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Why Your Pharmacist Can't Tell You That $20 Prescription Could Cost Only $8

Monday, February 26, 2018   (0 Comments)
Posted by: Jamie Cullis
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Why Your Pharmacist Can't Tell You That $20 Prescription Could Cost Only $8 
New York Times, February 25, 2018

As consumers face rapidly rising drug costs, states across the country are moving to block "gag clauses" that prohibit pharmacists from telling customers that they could save money by paying cash for prescription drugs rather than using their health insurance.

Many pharmacists have expressed frustration about such provisions in their contracts with the powerful companies that manage drug benefits for insurers and employers. The clauses force the pharmacists to remain silent as, for example, a consumer pays $125 under her insurance plan for an influenza drug that would have cost $100 if purchased with cash.  Much of the difference often goes to the drug benefit managers.

Federal and state officials say they share the pharmacists' concerns, and they have started taking action. At least five states have adopted laws to make sure pharmacists can inform patients about less costly ways to obtain their medicines, and at least a dozen others are considering legislation to prohibit gag clauses, according to the National Conference of State Legislatures.  Senator Susan Collins, Republican of Maine, said that after meeting recently with a group of pharmacists in her state, she was "outraged" to learn about the gag orders.  "I can't tell you how frustrated these pharmacists were that they were unable to give that information to their customers, who they knew were struggling to pay a high co-pay," Ms. Collins said.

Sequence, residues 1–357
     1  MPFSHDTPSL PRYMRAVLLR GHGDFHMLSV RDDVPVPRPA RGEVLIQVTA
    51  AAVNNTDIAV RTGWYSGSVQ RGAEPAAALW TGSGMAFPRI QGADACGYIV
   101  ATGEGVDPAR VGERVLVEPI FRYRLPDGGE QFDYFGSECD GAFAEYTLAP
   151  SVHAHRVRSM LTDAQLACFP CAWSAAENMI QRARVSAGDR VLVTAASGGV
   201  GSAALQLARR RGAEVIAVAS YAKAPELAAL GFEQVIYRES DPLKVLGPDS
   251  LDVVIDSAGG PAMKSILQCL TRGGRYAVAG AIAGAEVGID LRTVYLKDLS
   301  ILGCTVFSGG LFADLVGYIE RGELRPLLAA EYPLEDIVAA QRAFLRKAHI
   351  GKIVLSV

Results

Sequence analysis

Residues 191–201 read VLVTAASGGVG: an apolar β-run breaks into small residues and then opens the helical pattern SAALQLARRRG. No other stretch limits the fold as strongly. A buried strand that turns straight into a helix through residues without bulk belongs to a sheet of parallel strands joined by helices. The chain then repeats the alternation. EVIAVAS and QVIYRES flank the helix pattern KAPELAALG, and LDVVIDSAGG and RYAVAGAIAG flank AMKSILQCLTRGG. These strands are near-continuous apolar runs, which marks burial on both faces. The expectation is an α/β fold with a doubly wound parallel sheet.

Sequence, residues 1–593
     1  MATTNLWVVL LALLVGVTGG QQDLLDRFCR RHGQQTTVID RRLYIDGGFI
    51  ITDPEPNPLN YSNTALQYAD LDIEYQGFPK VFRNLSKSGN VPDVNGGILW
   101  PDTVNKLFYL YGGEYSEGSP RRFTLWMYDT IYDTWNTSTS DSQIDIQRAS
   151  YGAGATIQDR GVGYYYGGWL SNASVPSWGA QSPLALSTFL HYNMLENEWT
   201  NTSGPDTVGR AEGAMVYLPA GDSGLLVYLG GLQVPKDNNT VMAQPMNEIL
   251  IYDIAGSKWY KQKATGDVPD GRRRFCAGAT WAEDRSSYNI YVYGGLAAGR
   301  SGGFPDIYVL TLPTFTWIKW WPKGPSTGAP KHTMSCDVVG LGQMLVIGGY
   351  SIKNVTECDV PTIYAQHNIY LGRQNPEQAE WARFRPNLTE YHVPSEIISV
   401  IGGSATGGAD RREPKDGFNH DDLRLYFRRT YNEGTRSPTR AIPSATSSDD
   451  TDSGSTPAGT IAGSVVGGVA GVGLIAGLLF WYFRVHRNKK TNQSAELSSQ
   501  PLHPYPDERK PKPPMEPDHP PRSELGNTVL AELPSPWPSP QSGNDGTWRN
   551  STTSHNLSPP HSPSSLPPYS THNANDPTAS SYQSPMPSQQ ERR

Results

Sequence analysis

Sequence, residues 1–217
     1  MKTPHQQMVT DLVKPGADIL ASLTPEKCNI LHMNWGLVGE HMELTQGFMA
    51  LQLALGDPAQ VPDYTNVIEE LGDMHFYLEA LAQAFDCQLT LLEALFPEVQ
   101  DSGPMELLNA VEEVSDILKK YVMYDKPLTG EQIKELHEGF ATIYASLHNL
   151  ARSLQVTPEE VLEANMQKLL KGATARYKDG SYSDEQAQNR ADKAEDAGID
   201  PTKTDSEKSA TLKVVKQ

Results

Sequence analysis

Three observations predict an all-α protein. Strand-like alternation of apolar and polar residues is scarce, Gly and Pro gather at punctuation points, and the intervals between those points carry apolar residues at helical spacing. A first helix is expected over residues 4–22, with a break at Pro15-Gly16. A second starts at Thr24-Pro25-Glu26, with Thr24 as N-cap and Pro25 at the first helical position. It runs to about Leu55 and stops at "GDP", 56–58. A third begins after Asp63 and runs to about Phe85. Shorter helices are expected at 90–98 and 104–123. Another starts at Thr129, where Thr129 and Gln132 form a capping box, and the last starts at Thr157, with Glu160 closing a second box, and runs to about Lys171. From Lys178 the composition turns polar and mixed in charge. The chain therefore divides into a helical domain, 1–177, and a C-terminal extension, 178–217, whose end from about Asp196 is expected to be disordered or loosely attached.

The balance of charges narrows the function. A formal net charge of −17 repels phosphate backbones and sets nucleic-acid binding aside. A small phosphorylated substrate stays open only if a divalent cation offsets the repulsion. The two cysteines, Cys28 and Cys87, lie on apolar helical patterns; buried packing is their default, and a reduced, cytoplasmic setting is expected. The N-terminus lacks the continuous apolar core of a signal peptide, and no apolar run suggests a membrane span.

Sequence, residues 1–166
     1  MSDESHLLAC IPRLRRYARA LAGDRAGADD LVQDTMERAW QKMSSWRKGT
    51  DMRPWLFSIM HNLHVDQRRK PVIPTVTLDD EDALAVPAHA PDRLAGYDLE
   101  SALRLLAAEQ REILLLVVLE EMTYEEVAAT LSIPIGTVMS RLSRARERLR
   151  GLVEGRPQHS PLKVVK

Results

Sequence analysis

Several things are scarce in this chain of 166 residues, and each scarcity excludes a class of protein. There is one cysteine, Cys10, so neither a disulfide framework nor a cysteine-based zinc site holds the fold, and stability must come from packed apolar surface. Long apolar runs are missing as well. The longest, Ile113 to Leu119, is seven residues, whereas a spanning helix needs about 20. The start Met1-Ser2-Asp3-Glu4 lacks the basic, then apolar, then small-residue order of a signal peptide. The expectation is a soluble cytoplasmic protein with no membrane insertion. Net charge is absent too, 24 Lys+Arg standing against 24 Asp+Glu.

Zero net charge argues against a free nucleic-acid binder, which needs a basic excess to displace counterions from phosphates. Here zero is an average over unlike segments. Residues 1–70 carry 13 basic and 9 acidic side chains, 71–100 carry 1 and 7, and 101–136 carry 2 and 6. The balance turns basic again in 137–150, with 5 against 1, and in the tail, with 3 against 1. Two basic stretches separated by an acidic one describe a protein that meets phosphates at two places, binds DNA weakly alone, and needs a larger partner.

Steven F. Moore, whose family owns Condo Pharmacy in Plattsburgh, N.Y., said the restrictions on pharmacists' ability to discuss prices with patients were "incredibly frustrating."  Mr. Moore offered this example of how the pricing works: A consumer filling a prescription for a drug to treat diabetes or high blood pressure may owe $20 if he uses insurance coverage. By contrast, a consumer paying cash might have to pay $8 to $15.  Read more